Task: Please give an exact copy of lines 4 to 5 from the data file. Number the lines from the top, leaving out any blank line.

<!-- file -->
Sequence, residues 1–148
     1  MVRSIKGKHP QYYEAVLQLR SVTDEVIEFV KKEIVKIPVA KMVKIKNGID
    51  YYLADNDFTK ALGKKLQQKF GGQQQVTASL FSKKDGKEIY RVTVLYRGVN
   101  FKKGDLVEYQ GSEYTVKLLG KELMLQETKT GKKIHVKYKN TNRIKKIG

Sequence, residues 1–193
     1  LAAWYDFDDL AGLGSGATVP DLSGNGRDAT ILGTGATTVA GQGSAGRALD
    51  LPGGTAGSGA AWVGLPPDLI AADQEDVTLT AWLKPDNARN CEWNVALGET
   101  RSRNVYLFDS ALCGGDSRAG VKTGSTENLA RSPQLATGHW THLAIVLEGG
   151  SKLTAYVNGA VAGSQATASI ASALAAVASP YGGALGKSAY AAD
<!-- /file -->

   101  FKKGDLVEYQ GSEYTVKLLG KELMLQETKT GKKIHVKYKN TNRIKKIG

Sequence, residues 1–193